“I’ve never seen anything like this,” says Chainarong Setthachau, an environmentalist at Thailand’s Mahasarakham University, who has studied the river for decades.

Hungry water, starving water

The environmental impact from dams is set to increase as Laos, the poorest country in the region, continues on a path to turn itself into “the battery of Southeast Asia” by building hundreds of new hydroplants in the coming years. It is already operating more than 60 dams on Mekong tributaries, and late last year two of the several dams it has planned for the main stem of the river, which has so far remained undammed below China, came online.

This aerial image, taken on October 28, 2019, shows the Mekong River more than 185 miles from the Xayaburi dam in Laos. Dessicated river beds downstream from the dam have stirred outcry from conservationists and villagers who rely on the diverse ecosystem for food and livelihoods.

Photograph by Suchiwa Panya, AFP/Getty Images

The larger of those two, the Xayaburi dam, had long been stuck in a legal battle over concerns that it would hurt fish migration and communities downstream. The dam’s developer, a Thai company called CK Power, claims it has spent more than £450 million to mitigate negative impacts, including installing fish ladders and special gates for sediment to pass, though many environmentalists remain unconvinced.

Soon after the dam began operating, the normally chocolate-coloured Mekong began to turn a brilliant blue in parts farther south, a sign that the river had been stripped of the brown sediment it normally transports and which enriches the soils of the basin. Such conditions are known as “hungry water” and can be highly destructive, as the water eats away at river banks and causes erosion.

Many ecologists suspect sediment is being blocked by the Xayaburi dam, though it may also be that the weak river flow causes sediment to drop to the bottom, with blue water coming in from tributaries to overpower the brown water. There is little doubt, however, that the plant is not releasing as much water as it is taking in, contributing to the low water level downstream.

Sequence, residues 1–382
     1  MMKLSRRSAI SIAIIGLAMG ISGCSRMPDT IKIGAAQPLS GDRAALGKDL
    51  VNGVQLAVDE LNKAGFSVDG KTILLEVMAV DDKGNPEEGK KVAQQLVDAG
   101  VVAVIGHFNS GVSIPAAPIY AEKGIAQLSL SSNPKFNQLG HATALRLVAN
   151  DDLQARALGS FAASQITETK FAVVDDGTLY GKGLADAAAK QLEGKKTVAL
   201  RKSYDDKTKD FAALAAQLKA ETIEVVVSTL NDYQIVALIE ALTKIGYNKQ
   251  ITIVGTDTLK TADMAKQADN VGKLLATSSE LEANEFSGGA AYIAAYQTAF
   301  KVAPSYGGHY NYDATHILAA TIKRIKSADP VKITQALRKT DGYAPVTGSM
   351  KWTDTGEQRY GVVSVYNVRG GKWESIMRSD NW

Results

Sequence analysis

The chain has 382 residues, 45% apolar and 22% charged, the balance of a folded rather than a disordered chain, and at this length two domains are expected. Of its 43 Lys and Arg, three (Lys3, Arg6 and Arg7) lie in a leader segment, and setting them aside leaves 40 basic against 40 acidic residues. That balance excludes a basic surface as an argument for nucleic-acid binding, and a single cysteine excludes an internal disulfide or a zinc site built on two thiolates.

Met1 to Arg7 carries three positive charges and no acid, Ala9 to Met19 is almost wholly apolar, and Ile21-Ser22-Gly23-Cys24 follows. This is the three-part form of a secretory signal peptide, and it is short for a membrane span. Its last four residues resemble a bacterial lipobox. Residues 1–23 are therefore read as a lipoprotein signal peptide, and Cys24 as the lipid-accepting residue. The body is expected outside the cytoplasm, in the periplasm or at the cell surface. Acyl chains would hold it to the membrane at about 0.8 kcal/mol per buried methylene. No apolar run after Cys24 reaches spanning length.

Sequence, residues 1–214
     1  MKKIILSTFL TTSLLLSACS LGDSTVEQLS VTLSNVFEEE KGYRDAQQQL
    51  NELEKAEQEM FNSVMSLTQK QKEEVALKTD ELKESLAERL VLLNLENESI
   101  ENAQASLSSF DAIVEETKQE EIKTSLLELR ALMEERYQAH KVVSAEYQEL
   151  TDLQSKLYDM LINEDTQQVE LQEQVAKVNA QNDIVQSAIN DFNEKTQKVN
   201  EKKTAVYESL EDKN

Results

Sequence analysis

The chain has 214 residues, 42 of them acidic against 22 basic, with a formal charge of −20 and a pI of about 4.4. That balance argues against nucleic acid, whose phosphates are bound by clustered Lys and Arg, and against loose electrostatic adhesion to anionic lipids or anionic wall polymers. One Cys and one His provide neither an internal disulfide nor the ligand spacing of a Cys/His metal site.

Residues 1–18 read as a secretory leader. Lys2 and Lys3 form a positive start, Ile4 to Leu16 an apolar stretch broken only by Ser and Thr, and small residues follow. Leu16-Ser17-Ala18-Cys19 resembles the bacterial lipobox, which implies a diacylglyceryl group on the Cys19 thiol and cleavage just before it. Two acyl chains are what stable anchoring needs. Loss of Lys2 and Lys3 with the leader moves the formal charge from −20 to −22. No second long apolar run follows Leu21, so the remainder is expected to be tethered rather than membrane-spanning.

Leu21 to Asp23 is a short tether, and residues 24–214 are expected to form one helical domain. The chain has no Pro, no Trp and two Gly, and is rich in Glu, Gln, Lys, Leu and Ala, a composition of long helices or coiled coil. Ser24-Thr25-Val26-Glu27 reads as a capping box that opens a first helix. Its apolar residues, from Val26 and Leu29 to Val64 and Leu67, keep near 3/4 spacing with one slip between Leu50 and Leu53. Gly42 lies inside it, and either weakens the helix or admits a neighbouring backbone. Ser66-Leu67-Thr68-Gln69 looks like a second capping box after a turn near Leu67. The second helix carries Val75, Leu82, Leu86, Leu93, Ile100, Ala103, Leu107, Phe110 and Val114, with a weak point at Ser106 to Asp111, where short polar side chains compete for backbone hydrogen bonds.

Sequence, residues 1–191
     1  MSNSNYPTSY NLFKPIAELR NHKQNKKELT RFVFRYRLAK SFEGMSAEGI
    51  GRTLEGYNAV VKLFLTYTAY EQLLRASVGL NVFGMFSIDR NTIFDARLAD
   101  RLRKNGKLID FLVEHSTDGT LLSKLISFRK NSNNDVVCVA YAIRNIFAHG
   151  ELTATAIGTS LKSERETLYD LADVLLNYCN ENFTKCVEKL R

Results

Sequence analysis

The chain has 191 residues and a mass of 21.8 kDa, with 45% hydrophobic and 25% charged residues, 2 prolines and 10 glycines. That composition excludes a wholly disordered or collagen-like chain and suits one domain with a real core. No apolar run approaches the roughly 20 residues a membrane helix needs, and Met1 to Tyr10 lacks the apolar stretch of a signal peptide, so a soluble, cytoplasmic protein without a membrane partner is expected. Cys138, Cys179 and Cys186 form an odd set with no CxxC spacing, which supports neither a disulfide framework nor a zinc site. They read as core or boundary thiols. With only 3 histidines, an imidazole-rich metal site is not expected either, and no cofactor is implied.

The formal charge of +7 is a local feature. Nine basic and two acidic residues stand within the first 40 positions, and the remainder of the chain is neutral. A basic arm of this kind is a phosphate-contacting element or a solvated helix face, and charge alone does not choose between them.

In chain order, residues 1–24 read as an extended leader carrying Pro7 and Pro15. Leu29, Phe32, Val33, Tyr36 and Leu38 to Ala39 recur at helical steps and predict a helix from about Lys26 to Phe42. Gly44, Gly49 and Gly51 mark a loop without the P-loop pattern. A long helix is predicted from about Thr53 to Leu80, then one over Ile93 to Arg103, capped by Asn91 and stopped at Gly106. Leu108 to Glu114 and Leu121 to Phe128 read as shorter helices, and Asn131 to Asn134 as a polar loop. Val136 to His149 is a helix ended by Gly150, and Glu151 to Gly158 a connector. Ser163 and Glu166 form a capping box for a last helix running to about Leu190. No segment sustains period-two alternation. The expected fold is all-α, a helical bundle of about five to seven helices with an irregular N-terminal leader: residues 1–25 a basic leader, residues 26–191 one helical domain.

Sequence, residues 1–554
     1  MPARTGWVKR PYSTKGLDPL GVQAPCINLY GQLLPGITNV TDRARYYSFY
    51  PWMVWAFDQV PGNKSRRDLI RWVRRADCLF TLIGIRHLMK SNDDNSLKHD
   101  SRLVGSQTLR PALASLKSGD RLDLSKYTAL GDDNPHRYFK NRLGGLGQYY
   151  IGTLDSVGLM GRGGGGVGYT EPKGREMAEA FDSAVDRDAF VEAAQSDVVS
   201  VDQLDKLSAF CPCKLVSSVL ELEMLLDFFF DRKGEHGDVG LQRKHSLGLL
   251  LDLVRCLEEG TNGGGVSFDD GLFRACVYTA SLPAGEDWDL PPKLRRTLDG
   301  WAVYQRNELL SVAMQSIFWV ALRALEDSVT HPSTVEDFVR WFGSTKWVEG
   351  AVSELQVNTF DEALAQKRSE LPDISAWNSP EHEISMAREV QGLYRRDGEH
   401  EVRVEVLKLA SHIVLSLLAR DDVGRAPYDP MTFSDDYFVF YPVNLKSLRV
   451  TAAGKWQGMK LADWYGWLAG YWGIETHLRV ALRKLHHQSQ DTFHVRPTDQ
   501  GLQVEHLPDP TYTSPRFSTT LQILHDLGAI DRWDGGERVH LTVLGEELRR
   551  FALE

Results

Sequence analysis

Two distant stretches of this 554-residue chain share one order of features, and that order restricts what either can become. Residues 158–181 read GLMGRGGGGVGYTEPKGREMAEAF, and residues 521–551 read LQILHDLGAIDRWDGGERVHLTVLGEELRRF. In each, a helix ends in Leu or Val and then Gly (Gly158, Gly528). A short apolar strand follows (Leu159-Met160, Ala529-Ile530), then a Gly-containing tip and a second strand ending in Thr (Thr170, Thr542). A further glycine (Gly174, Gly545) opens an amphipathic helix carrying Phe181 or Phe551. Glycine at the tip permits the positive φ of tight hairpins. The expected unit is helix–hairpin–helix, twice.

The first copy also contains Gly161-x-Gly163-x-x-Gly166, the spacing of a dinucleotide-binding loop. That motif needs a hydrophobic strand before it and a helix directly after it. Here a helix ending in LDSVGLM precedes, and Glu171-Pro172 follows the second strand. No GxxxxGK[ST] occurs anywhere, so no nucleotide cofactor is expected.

“In these drought conditions, the dam operators will keep as much water as they can,” says Thanapon Piman, who is a research fellow with the Stockholm Environment Institute in Bangkok.

The clear, slow-flowing water has also allowed algae to grow on the sand and bedrock bottom of the river. Normally, this growth would be flushed away by the current, but this is not happening and in the last couple of weeks much of the margins of the river in Thailand and Laos have turned completely green.

At the same time, the hungry water has moved into Cambodia. “We worry that it will spread further,” says So Nam, chief environmental management officer at the inter-governmental Mekong River Commission. “If this extremely low water continues, things may not become better until the onset of the next rainy season.”

Beating heart slowing down

Relying on the rescue of Mother Nature, however, has become increasingly fraught in the Mekong region, which studies show is particularly vulnerable to climate change. The current drought is driven by El Niño conditions—the warm, wet half of a naturally occurring weather cycle—that are predicted to last several years and may be exacerbated by warming temperatures.

When it comes to fishing, no country is feeling the heat more than Cambodia. It is home to Southeast Asia’s largest lake, the Tonle Sap, also known as the “beating heart of the Mekong.” Each year, after the rains begin, the Tonle Sap, which connects to the Mekong through its eponymous river, expands many times in size and provides vital habitat for fish to feed and grow. It is of immense commercial importance, with normally at least 500,000 tonnes of fish drawn from it each year—more than from all of North America’s rivers and lakes combined.

Last year, however, the water from the Mekong into the Tonle Sap came so late and receded so early that large parts of the lake never filled up. Mass deaths of fish were reported because of shallow and oxygen-poor water. According to one estimate, fish catches may have declined by up to 90 percent in Tonle Sap, forcing many fishers to abandon their work. Of those who continue, many are no longer catching fish for human consumption, but rather fish larvae to feed fish farms, says Rohany Isa, a Cambodian journalist who covers Tonle Sap issues.

The poor fishing conditions have continued into the current season, with much less water—and fish—moving down the Tonle Sap River. This is normally the time of the largest animal migration on Earth, when billions of fish, starting with the critically endangered Mekong giant catfish, make their way back to the Mekong.